Northampton Public Schools Superintendent Blog

NPS Highlights – February 14, 2013 School Committee Meeting

Posted on: February 21, 2013

By: shutterstock

By: shutterstock

Bridge Street School:

This week the Kindergarten is writing about and studying Japan.  We’re also reading the magic tree house book – night of the ninja.  We’re writing about Japan and the people, geography (mountains/volcanoes), customs, origami, calligraphy, food, tea ceremonies, etc.

The third graders just completed a nonfiction unit on writing informational  “All About Books”.  The purpose of this unit was for students to examine a topic and convey information about this topic in a clear and organized way.  Students learned about all of the text features that make up nonfiction informational texts, such as: headings, subheadings, chapters, table of contents, glossary, index, bold words, pictures, and captions.  They explored each of these text features and learned how each feature helps a reader to better understand nonfiction texts.  Then, students applied this knowledge when writing their own informational “All About Books”. Students also learned that the purpose for writing nonfiction informational texts is different than fiction texts (The purpose being to teach the reader about a topic, instead of entertaining them with a story). This unit culminated in students publishing their own “All About Books”.  The students enjoyed this unit and being able to teach others about topics that they are experts in.

R.K. Finn Ryan Road:

Teachers throughout the grades at RK Finn Ryan Road Elementary School are implementing the non-fiction reading expectations of the new Massachusetts 2011 curriculum frameworks.

First graders in Mrs. Ramsden and Ms. Egitto’s class have been writing persuasive letters, including one to the Principal asking for a classroom pet.

Second graders in Mrs. Dihlmann and Mrs. Brady’s classes have just completed “All About Books” about a topic of their own choice from bees to skateboarding.

Fourth graders in Ms. Desmond and Mrs. Simmons’s classes have written non-fiction articles about the natural world and detailed reflections on nature field trips.

Jackson Street:

First graders at Jackson Street wrote essays to Principal Gwen Agna for their “Persuasive Writing” Unit.  Each essay identified a school issue that the writers felt should be fixed (not using the school compost,  touching the art work on the walls, running in the cafeteria, cutting in line).   The essays also suggested solutions for each problem.  Ms. Agna answered each essay and dutifully addressed the problems.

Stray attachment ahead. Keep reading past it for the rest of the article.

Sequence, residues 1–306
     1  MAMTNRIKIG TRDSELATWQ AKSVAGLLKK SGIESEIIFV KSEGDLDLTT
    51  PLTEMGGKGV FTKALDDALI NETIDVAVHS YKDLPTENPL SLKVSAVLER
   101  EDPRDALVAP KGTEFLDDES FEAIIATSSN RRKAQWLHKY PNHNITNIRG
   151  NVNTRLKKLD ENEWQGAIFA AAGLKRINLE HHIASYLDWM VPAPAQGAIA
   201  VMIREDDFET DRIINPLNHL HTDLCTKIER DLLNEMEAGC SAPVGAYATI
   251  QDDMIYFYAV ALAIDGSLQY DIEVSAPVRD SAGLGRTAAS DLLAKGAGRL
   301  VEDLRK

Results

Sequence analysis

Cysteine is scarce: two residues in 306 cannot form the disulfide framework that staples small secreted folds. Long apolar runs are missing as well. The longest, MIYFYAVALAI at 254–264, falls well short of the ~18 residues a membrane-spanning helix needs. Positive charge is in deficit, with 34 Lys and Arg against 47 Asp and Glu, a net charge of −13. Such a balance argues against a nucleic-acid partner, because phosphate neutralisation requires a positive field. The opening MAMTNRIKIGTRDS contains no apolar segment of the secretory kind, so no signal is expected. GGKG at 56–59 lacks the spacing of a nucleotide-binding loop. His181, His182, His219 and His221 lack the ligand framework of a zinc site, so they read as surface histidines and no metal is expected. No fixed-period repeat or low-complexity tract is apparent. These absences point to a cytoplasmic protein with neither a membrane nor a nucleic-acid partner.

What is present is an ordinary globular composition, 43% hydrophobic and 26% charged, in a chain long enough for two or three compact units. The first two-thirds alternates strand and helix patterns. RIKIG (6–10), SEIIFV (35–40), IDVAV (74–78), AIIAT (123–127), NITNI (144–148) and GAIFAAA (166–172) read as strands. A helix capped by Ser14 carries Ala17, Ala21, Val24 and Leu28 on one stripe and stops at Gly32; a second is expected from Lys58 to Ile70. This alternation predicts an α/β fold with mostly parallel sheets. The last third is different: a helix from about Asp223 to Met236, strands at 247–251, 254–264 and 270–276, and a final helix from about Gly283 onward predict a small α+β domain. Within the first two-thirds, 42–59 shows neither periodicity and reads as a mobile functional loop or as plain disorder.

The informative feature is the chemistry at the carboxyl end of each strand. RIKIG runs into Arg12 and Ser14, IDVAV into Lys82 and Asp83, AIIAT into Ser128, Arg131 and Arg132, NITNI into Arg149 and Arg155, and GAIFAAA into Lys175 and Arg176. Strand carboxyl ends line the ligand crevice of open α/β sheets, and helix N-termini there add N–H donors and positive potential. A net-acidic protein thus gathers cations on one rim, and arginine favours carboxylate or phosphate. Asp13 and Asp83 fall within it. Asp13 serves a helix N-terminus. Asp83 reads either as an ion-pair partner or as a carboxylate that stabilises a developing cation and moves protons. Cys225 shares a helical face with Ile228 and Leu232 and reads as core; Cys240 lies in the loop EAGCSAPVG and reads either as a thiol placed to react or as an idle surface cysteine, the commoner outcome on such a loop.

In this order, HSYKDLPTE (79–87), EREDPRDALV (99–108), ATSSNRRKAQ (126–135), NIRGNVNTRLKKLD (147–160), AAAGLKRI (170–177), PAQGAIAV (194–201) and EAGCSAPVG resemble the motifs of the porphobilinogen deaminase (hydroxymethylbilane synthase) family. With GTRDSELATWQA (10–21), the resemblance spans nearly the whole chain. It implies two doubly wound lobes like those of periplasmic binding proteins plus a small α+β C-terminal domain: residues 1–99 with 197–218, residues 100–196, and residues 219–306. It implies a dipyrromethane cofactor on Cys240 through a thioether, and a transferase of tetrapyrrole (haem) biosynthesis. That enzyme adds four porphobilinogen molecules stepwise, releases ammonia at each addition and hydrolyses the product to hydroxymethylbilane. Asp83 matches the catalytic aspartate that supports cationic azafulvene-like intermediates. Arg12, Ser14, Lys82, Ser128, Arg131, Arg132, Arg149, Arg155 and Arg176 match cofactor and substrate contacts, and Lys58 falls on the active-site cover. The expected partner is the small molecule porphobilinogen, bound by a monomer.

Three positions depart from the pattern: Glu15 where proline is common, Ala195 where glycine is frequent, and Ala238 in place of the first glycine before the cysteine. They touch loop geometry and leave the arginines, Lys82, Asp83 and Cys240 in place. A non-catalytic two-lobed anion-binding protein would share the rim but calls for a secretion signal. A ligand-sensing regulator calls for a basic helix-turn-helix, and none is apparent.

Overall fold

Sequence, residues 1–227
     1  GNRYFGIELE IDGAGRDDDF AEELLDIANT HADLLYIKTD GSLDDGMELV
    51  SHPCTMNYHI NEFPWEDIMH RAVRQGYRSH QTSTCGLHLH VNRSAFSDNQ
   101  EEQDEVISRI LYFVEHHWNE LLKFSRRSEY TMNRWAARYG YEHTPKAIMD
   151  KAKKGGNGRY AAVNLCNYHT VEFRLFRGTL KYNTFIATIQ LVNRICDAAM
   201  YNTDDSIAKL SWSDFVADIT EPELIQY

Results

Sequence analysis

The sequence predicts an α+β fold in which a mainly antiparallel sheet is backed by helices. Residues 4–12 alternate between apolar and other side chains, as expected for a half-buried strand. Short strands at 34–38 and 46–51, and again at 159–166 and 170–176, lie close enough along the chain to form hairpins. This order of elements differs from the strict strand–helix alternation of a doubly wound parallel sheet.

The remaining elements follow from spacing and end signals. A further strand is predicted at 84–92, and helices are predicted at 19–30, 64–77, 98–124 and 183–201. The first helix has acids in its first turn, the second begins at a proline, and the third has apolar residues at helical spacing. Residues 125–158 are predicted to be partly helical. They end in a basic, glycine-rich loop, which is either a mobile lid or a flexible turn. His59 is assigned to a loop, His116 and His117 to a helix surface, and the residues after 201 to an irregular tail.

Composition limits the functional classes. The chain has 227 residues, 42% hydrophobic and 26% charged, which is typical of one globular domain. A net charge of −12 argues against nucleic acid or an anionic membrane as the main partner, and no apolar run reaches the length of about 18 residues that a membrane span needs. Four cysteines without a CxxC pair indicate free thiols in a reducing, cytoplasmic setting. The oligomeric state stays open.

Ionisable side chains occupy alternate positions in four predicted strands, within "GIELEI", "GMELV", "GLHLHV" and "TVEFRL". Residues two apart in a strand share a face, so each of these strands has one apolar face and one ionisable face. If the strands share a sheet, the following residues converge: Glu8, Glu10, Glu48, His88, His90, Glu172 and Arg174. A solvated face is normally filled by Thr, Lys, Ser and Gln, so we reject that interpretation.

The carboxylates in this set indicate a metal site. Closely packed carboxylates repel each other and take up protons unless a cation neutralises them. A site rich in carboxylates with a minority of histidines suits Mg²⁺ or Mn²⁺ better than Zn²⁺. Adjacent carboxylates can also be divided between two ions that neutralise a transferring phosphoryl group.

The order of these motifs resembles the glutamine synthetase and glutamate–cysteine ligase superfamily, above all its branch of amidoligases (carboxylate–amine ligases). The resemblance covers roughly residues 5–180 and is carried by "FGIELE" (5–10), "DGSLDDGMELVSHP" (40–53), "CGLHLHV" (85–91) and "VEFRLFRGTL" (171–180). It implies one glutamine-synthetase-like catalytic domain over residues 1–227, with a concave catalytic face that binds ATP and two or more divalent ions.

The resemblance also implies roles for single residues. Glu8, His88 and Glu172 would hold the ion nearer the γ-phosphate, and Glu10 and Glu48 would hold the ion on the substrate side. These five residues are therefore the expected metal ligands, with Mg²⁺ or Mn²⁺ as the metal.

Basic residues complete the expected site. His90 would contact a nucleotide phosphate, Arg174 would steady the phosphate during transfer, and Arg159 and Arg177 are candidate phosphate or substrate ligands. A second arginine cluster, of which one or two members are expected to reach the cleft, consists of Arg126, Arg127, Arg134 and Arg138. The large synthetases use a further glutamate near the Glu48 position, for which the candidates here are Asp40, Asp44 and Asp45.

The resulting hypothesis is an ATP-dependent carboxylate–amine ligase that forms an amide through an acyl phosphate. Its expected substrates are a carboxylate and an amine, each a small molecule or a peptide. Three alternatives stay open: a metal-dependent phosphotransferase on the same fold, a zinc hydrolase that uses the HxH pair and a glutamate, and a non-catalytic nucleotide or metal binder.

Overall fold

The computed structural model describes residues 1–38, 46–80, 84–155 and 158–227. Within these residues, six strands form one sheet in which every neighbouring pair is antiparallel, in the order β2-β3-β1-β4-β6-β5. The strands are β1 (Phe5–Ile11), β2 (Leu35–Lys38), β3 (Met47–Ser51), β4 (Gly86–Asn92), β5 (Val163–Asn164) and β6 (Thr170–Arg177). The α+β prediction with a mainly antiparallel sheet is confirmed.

JFK:

Grade six students have been working on non-fiction writing pieces including:

  1. Students chose a memory or experience to create a memoir piece.  One student wrote “Night Flying” detailing her first time on a Ferris Wheel and the good luck of being on the ride during a firework show.
  2. Developing “how to” instructions to teach a skill or task.   Two students worked together to compose “Cooking is the Essence of Life – How to Cook a Fried Egg”.

Grade seven students have been writing about the short story Rikki Tikki Tavi.

  1. In an introduction to argument structure students considered how the background and viewpoint of the author influences their writing.
  2. Students analyzed the character Rikki Tikki Tavi as both hero and villain, using text evidence to support their views.

Grade eight students just completed writing pieces analyzing a literary essay for how the author develops tone and conveys emotion through the use of literary devices. The essay was “An Open Heart” by Judith MacKenzie.

NHS:

A.P. Modern U.S. History class wrote three letters to the editor (conservative, liberal, and socialist) from a 19-century political perspective in response to contemporary American issues.

As part of their Final exam, students in the mostly 9th grade Foundations of Art at the High School had to choose a work of Art and write an interpretation, description, analysis and evaluation.  They also did a visual interpretation.

Phoebe Gelbard 9th grade wrote about “Two Brazilian Tortoises” by Albert Eckhout 1640:
“At a glance, the scene appears as two large tortoises in an open space; take a closer look and t he incredibly intricate lines on the shells become clear.  With his effective use of lines, Eckhout was able to bring out the texture in what he was observing.  The surface of the tortoises’ shells appears fairly smooth to the touch, with shallow, alternating indentations that create lines.  The legs and feet of the creatures, however, appear rough and even sharp-as do the slightly menacing teeth.  One must look closely to observe all of the detail in a complex piece like this, and such dimensionality, intricacy and realism would not be possible without the use of lines and texture.”
“Compared to some art, the “mood” of this piece seems fairly calm and tempered.  The tortoises appear quite placid and unexcitable, as one would expect such philosophical creatures to be.  Nevertheless, Eckhout conveys their emotions (one excited and evocative, the other glum and ill-tempered) in a casual yet effective manner.  By revealing their expressions, it is possible that the artist wished to express a more playful, humanistic side to these tortoises; perhaps these gentle giants of the earth have a more excitable, mischievous side that would not otherwise be exhibited.”

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